Introduction

On 13 July 2012 Energy Watch was ordered to pay $1.95 million in penalties for making misleading comparisons in breach of the Australian Consumer Law1. The former CEO of the company was also fined $65,000 for his role in misleading radio advertisements. In imposing the penalties, the Federal Court found that Energy Watch had “deceived the Australian public in a very serious way.” Energy Watch is now in liquidation.

This very recent case reminds us that ensuring the accuracy of the “overall impression” conveyed by advertisements is paramount. In particular, it is essential to:

  • be clear about what products or services are being compared and the limitations of those comparisons; and
  • avoid making false or misleading headline claims: disclaimers at the foot of an advertisement probably will not negative their false or misleading impact.

Facts

Energy Watch provided a brokering service for the retail purchase of electricity and natural gas. It had agreements with five “preferred retailers” of electricity and natural gas. It would introduce customers to those preferred retailers in return for a commission.

During 2011, Energy Watch launched an extensive advertising campaign using an array of media including television, print, billboards, radio and even a football scoreboard at the Melbourne Cricket Ground. The advertisements included references to Energy Watch being the “electricity umpire” which “compares energy providers” for consumers.

Findings

The Court found that the advertisements represented that Energy Watch comprehensively examined rates available to get the best available deal for the consumer. In fact, the only energy providers compared by Energy Watch were its five preferred retailers. The advertisements were also found to have misled consumers by overstating the savings they would make by switching retailers using Energy Watch. Energy Watch attempted to negative the misleading impression conveyed by its advertisements by including “disclaimers” in some advertisements. With the exception of one advertisement2, the Court found that the disclaimers did not have their desired effect. The Court’s finding reinforces the message that only in some circumstances can reliance be placed on disclaimers, and rarely in television advertisements. The Court described the television disclaimers, which contained the all-important phrase “we do not compare all energy providers” as “fleeting and microscopic” and “only capable of being read by pausing the advertisement and using a magnifying glass.” In this case, print disclaimers read only “refer to website” or similar, in tiny print at the bottom of the page. The Court found that these disclaimers were powerless to counteract the misleading representations contained in the body of the advertisements.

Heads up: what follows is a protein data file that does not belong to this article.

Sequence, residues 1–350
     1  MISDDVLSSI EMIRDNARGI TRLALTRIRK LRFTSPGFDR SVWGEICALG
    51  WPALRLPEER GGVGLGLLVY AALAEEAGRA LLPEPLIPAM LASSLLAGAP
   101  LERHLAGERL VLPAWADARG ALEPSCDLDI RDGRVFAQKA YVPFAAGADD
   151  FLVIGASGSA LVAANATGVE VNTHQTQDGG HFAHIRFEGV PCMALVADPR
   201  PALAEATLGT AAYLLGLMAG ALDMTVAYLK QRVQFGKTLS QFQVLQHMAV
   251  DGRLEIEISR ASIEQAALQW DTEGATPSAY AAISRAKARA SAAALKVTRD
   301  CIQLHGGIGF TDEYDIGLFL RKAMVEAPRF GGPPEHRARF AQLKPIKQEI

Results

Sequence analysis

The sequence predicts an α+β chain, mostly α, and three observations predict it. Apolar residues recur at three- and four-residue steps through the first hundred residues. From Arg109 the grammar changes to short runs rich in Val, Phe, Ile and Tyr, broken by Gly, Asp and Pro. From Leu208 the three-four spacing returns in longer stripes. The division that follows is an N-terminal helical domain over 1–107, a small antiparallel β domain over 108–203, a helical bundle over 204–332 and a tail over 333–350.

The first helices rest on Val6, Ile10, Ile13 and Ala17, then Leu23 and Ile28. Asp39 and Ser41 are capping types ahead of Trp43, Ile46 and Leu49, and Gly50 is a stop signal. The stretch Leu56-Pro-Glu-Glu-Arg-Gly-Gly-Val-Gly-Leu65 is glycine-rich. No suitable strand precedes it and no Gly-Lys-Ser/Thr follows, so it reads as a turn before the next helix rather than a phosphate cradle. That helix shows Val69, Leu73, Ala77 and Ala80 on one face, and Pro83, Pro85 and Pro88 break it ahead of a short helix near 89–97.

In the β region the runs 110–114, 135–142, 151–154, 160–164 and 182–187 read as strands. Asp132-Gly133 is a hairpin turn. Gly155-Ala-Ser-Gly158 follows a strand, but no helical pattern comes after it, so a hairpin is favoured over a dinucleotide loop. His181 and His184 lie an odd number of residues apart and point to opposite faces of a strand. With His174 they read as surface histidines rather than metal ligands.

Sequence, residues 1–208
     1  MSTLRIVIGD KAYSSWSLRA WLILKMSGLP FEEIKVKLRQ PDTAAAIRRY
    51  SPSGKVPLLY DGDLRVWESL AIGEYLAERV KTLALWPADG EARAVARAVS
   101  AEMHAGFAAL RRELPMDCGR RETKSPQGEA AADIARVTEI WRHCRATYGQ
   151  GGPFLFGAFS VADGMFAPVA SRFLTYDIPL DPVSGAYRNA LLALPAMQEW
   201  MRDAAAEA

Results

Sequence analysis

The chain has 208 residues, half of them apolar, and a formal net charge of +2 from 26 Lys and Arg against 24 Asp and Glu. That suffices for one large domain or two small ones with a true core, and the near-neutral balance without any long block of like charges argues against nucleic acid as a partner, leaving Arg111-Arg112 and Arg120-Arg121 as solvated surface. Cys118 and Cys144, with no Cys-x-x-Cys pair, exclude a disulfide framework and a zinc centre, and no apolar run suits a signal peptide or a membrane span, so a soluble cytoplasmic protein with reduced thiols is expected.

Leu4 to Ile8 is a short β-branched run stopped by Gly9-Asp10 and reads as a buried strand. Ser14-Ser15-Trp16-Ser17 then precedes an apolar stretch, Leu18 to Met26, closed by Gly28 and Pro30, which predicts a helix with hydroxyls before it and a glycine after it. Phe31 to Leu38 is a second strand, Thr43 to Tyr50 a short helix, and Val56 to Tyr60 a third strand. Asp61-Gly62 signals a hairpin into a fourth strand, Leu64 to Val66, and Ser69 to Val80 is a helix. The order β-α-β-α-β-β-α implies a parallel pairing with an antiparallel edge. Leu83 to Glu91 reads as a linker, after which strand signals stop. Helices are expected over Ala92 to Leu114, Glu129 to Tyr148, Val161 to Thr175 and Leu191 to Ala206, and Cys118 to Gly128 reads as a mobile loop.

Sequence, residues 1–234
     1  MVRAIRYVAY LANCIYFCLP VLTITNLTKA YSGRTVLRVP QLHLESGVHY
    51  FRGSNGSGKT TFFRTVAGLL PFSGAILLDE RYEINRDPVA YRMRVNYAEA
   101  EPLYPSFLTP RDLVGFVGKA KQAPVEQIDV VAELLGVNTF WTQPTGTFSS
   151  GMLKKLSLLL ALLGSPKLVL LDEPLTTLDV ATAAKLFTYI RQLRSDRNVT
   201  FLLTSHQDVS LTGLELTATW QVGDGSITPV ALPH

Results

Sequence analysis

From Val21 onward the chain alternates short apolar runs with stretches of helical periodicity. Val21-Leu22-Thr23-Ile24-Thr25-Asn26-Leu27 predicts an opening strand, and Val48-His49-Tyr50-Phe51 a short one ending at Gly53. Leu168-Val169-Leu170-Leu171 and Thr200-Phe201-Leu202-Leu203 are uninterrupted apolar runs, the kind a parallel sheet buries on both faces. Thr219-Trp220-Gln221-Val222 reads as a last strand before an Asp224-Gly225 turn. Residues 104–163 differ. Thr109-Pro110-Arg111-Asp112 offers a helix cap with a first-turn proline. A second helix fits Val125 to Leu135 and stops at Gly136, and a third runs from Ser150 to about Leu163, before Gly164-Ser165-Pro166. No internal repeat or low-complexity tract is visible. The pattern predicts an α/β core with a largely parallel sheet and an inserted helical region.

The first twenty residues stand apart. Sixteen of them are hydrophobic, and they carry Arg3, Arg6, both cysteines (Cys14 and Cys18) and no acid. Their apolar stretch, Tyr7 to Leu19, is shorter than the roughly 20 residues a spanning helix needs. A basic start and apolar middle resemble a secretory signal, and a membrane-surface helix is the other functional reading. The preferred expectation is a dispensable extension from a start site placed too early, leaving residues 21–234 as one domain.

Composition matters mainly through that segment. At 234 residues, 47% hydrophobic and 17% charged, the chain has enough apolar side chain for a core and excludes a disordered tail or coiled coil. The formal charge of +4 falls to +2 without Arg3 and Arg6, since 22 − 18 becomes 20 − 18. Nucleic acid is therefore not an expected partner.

Observations

Encouraging comparison between energy retailers (and indeed in any sector) is important in order to encourage switching and maintain a high level of contestability, which potentially benefits consumers. The facility offered by Energy Watch had the potential to do this if it truly did allow customers to make fully informed decisions about who to buy their energy from. This was held not to be the case and customers were led to make decisions based on incorrect and incomplete information. Price comparator services must be clear about the extent of the products or services they compare, especially in a market where purchasing decisions are based almost solely on price. Otherwise, what could be a competition-enhancing device may unlawfully manipulate market outcomes.

Although short term benefits of higher sales may accrue to those who do not tell their customers the whole story, the penalties imposed on Energy Watch remind us that the Courts will harshly penalise such “sharp business practices”. 

Read the full judgements at the following links:

http://www.austlii.edu.au/au/cases/cth/FCA/2012/749.html (penalty decision)

http://www.austlii.edu.au/au/cases/cth/FCA/2012/425.html (liability decision)